I saw you on the Golf Channel with Martin Hall and your comments about putting were very informative. I have recently been working with the use of the face on putter that I made. I like it for the reasons of error in the regular putter as you described on your segment. Especially when you asked Martin to toss you the golf ball when he was facing you. Interesting concept when looking at the cup face on as opposed to looking at the cup from the side. LINE UP AND HITTING THE BALL IS ALL VISUAL PERCEPTION. Face on you are looking at the cup with two eyes, side view is with one eye giving the brain different concepts of what is needed to hit the ball to the cup.
My questions are do you have face on putters and what are your opinions with use of the face on putters?
Thanks for your response
Would you please comment on the future of “Face On” putting, and if you will be providing a suitable Frog putter to support this fascinating trend.
Terry and Tommy,
Face-on Putting or Sidesaddle putting seems to be resurfacing as an alternative putting style.
As you know Sam Snead was stopped from using the croquet style of putting by the introduction, of Rule 35-1L in 1968; now Rule 16-1e Standing Astride or on the Line of Putt, which states: “The player must not make a stroke on the putting green from a stance astride, or with either foot touching, the line of the putt or an extension of the line behind the ball.”
Sam circumvented this by putting with a Sidesaddle style while he was still facing the hole.
Terry, I believe that this is a good method of putting, but not because you are looking at the hole with both eyes – you should be looking at the ball or a spot close to the ball during the putt – with both eyes.
In conventional putting, when you select the line of the putt, I prefer that you do it from behind the ball looking down the line of the put with both eyes to get the distance and slope, BUT when you get over the ball with your eyes parallel to, and in the same vertical plane as the putt, this helps see the line from the set-up position very well.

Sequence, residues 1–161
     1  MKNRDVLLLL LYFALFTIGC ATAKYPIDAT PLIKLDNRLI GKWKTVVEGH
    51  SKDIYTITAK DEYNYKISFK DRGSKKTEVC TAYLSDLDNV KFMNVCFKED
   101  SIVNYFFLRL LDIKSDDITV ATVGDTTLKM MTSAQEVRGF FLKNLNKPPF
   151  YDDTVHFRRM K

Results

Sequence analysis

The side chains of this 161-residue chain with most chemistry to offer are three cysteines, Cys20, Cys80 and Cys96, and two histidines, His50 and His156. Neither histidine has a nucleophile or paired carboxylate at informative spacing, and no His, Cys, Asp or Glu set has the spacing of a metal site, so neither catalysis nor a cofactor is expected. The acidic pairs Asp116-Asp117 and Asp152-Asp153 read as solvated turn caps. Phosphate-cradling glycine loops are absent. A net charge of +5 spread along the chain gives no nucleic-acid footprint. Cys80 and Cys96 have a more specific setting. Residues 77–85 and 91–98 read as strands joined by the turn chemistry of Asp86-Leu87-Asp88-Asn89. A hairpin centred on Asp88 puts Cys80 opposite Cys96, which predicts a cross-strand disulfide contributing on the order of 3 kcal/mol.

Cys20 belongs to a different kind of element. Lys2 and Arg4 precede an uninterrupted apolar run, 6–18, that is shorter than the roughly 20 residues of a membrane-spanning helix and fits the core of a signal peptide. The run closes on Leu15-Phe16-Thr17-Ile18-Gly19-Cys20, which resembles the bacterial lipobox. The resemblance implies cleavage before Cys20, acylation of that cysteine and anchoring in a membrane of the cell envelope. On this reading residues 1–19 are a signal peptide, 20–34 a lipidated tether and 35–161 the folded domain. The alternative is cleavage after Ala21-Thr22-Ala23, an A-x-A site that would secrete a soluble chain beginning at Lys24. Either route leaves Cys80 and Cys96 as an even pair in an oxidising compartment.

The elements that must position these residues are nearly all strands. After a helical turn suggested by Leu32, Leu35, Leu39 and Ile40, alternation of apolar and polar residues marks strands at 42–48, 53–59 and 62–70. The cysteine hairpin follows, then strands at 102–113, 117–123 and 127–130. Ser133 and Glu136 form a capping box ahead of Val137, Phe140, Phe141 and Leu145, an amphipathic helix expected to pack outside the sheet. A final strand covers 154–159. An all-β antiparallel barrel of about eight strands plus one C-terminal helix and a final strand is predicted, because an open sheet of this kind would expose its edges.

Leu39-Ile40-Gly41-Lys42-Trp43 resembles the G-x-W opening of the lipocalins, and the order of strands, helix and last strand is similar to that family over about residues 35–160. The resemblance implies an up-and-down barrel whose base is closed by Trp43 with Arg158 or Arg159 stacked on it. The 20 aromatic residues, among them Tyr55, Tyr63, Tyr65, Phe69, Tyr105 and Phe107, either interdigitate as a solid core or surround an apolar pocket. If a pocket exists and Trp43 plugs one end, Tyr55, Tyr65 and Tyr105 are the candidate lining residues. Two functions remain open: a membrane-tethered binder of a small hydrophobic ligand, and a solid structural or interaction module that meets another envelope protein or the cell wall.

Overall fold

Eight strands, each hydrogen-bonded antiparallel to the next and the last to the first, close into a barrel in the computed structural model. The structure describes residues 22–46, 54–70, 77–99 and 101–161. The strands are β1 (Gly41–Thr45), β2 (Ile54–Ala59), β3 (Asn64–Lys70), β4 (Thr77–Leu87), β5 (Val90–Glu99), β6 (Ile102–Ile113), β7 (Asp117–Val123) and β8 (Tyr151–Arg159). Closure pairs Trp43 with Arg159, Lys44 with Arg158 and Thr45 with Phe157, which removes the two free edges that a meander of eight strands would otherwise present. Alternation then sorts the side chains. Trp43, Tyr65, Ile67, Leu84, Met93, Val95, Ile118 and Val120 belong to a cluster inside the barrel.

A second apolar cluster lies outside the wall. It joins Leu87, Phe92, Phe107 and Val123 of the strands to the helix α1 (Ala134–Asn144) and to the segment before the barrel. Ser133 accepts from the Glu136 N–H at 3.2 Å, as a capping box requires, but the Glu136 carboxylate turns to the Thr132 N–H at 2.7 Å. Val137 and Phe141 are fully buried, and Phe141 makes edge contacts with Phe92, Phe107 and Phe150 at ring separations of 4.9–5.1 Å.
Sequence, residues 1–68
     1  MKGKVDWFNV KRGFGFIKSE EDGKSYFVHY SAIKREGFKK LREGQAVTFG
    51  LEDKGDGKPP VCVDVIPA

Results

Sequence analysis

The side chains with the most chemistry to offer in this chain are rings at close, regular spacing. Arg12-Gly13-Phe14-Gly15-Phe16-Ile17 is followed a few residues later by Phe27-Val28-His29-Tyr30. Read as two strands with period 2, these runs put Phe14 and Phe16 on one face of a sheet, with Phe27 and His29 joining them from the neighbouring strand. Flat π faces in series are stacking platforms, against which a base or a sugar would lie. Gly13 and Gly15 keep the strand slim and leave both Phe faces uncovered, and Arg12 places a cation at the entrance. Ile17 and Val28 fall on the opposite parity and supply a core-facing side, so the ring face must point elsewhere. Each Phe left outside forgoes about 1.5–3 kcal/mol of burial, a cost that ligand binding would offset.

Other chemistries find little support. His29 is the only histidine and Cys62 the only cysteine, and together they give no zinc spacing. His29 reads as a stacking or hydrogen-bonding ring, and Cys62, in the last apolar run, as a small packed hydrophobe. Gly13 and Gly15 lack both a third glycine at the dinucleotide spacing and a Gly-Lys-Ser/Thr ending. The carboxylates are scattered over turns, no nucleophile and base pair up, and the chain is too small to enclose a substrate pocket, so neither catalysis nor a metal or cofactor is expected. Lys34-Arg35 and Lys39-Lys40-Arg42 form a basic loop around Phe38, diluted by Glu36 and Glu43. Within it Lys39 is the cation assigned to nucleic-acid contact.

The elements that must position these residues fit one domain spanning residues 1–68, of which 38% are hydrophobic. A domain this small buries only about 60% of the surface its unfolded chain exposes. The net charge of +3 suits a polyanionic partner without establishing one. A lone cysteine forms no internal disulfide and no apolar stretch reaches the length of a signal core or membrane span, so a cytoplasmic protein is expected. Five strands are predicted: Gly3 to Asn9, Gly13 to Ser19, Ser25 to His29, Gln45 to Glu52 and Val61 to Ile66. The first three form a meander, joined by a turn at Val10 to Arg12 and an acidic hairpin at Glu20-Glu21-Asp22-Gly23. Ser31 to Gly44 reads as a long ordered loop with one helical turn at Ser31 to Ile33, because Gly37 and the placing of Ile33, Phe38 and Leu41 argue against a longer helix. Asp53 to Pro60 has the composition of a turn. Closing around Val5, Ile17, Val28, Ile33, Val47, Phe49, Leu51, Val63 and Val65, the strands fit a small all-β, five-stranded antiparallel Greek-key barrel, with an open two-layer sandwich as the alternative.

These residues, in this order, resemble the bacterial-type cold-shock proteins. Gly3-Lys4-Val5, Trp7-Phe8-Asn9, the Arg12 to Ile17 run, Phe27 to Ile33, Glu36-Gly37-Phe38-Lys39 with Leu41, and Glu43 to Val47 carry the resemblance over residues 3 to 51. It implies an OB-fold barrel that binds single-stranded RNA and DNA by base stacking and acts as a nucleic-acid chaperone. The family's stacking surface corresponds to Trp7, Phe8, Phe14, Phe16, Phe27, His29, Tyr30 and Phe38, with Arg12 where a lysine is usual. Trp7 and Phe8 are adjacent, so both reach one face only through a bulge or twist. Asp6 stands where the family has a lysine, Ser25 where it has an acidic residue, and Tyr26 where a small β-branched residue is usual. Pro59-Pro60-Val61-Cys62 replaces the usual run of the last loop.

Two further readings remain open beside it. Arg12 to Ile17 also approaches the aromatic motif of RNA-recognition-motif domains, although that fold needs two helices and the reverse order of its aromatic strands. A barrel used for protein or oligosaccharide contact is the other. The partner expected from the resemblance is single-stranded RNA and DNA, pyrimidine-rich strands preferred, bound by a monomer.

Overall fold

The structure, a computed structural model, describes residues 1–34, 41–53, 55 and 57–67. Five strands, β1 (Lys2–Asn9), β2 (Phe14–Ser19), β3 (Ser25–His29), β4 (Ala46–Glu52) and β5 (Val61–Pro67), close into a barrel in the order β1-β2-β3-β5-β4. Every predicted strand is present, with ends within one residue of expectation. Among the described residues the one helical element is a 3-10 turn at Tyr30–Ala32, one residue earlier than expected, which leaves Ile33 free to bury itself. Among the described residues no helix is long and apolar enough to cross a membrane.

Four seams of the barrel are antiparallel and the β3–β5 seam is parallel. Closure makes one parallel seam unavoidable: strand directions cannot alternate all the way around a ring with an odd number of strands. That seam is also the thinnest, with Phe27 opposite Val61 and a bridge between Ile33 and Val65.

However, when you have lined up the ball using the Sidesaddle style — you still do this from behind the ball on the putting line – then set up and once again look at the hole the same way you would when throwing a ball to someone. This last look helps more to program your mind to plug-in the right distance, than the line.
Another benefit of using the sidesaddle style is that your arm moving the putter is moving in a more natural direction – i.e. forward and back not side to side.
Yes, Terry we do make Sidesaddle Frog putters. You can choose from 2 options that are available in our mid-mallet Frankly Frog style, either 72 degree lie angle with 350 gram head weight or a 79 degree lie angle with 380 gram head weight. For more information, The Fundamentals of Putting contains a complete description of Sidesaddle putting in the section about Alternative Putting Styles.
Hope this helps
I tried sidesaddle putting for several months about 8 years ago, but gave it up because I was also bowling and I couldn’t stop my arm from wanting to swing like I was hooking a bowling ball. I no longer bowl so my current Frog putter has been modified so that I can use it for both a regular putting stroke or sidesaddle. Sidesaddle gives me much better distance control on long putts, but I still have accuracy issues with sidesaddle on shorter putts which is why I use a conventional stroke for those.